In the News
It’s Super Tuesday! Fourteen states will vote today in the Democratic primary election with 1,357 delegates up for grabs. As the voting age remains 18, most, if not all, of Prep students are ineligible to vote. To give students a chance to express their preferences, History Department Chair Josh Perlman and AP Government teacher Will Bellaimey hosted the Flintridge Prep Primary.
Last week, Perlman sent around an anonymous, three-question survey that allowed students, faculty and staff to select their preferred Democratic presidential candidate and share which party they’d vote for in the general election. They also had the opportunity to try out ranked choice voting, a system of particular interest to Bellaimey. All community members were invited to rank primary candidates from favorite to least favorite.
Yesterday, the results were unveiled during a spirited, intellectual dialogue at lunch amongst students and faculty.
After 131 people voted in the classic election system, Senator Bernie Sanders earned 29% of the vote, following by Pete Buttigieg and Senator Elizabeth Warren. The ranked choice, which only had 91 participants, flipped the traditional election’s results, with Buttigieg earning 54.5% and Sanders gaining 45.5%. Seventy percent of participants said they would stay blue in the national election no matter who the candidate is, but roughly a quarter of voters said their decision to remain blue would depend on who the candidate is.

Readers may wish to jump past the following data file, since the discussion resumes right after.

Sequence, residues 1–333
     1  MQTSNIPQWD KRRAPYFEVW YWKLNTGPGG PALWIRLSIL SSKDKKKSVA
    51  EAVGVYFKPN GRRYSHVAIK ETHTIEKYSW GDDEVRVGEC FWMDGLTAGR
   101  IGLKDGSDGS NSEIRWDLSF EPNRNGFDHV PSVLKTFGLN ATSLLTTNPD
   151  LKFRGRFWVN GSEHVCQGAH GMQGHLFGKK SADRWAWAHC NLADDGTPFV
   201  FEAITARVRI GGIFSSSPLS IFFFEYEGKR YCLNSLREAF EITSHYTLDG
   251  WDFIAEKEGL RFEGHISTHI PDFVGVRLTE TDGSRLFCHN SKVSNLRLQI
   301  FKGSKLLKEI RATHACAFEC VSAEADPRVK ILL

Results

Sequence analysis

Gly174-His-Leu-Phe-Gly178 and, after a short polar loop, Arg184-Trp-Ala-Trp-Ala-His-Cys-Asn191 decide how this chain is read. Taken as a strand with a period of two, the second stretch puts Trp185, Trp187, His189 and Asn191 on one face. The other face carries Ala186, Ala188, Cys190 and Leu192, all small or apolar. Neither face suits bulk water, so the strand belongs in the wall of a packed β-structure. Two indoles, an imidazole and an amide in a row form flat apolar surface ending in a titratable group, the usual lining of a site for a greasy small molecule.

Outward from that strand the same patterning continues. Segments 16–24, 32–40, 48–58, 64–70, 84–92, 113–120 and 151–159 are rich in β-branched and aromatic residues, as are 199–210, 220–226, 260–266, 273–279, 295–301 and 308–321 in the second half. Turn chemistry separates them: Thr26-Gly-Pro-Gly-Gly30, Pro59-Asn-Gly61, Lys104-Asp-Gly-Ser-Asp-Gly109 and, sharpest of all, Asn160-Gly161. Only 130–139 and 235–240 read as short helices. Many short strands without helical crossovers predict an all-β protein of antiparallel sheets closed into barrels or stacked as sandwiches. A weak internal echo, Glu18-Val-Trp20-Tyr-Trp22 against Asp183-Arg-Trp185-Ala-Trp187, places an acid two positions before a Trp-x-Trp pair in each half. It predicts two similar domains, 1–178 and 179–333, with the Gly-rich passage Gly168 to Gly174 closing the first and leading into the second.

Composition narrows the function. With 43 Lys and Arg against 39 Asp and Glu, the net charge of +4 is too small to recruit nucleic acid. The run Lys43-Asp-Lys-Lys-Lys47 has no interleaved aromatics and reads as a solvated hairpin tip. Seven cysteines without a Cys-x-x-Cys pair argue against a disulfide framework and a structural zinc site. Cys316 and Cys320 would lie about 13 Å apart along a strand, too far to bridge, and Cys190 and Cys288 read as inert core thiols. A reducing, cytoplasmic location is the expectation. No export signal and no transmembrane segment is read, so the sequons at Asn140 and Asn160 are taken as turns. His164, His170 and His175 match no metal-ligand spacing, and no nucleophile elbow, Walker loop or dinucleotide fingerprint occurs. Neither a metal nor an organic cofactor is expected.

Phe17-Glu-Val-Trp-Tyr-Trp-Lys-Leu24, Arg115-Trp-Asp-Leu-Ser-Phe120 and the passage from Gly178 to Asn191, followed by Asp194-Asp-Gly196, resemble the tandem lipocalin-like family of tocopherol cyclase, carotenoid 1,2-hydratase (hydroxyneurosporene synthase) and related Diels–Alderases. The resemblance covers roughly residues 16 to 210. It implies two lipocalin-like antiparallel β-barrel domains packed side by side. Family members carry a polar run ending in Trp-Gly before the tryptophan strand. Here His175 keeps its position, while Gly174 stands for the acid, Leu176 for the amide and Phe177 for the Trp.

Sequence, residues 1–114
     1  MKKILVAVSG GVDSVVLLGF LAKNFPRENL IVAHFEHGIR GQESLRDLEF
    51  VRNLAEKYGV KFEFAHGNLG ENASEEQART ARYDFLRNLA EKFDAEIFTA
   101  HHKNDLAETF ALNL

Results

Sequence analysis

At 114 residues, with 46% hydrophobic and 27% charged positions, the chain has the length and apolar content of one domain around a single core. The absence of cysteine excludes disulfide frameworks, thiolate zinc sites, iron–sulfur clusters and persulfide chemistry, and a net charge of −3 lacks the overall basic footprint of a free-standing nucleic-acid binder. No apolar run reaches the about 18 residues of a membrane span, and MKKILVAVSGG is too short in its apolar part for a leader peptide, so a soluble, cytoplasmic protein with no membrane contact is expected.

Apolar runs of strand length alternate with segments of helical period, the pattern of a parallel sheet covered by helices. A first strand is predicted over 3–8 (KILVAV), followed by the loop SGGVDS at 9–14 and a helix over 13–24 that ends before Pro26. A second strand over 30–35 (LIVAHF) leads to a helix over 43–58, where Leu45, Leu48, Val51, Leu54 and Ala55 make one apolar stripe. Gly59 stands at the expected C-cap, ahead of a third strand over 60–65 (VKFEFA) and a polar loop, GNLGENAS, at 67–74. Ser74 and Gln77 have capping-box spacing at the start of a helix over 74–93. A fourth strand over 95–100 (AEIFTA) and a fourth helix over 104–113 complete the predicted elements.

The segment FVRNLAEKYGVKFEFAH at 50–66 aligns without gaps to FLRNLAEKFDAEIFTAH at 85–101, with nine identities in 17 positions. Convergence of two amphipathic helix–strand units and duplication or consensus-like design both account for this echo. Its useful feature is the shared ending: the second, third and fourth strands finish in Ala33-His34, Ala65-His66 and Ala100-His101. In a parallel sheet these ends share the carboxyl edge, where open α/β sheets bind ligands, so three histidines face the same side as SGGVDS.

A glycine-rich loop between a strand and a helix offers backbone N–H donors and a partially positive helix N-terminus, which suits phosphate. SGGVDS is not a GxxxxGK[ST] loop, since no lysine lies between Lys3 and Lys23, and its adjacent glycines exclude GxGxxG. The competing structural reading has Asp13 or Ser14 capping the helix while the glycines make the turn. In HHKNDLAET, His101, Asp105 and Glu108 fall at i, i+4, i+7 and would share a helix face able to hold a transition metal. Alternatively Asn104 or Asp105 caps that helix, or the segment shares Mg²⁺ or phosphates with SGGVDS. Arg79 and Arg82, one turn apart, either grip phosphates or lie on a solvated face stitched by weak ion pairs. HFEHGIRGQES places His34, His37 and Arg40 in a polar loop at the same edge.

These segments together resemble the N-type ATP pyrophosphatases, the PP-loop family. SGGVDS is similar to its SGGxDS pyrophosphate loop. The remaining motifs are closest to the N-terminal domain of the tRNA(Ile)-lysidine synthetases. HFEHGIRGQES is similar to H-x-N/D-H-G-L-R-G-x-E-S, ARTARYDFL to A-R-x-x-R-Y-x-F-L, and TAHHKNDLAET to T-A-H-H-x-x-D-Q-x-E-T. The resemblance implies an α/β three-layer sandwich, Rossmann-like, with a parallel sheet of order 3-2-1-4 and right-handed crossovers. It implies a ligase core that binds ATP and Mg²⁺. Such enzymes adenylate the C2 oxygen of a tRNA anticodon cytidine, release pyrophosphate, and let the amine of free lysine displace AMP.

According to Perlman and Bellaimey, the ranked choice results revealed that people were making their choices based on personality, rather than ideology. Ranking results tend to lean towards more moderate candidates.
As one student, Sylvie Shure ’20, noted, ranked voting “selects for the boring option, just as it does in the Academy Awards.” The Motion Picture Academy uses a ranked choice voting (RCV) process, as do four states holding presidential primaries (Alaska, Hawaii, Kansas and Wyoming; Nevada allowed RCV for early voters in their caucus).
The students and their teachers spent much of the discussion talking about potential outcomes of Super Tuesday and individual campaign strategies, as well as recent news about candidates Senator Amy Klobuchar and Buttigieg dropping out and endorsing former Vice President Joe Biden. As Shant Armenian ’20 said, the Flintridge Prep Primary and the surrounding dialogue “was a look at insider politics.”
Just like the Iowa caucus, there was a slight glitch in the system, with the original survey allowing for a write-in option. In true Prep fashion, the write-in was a landslide victory for Otto Von Bismarck, but he was thrown out on a technicality because he is not a U.S. citizen.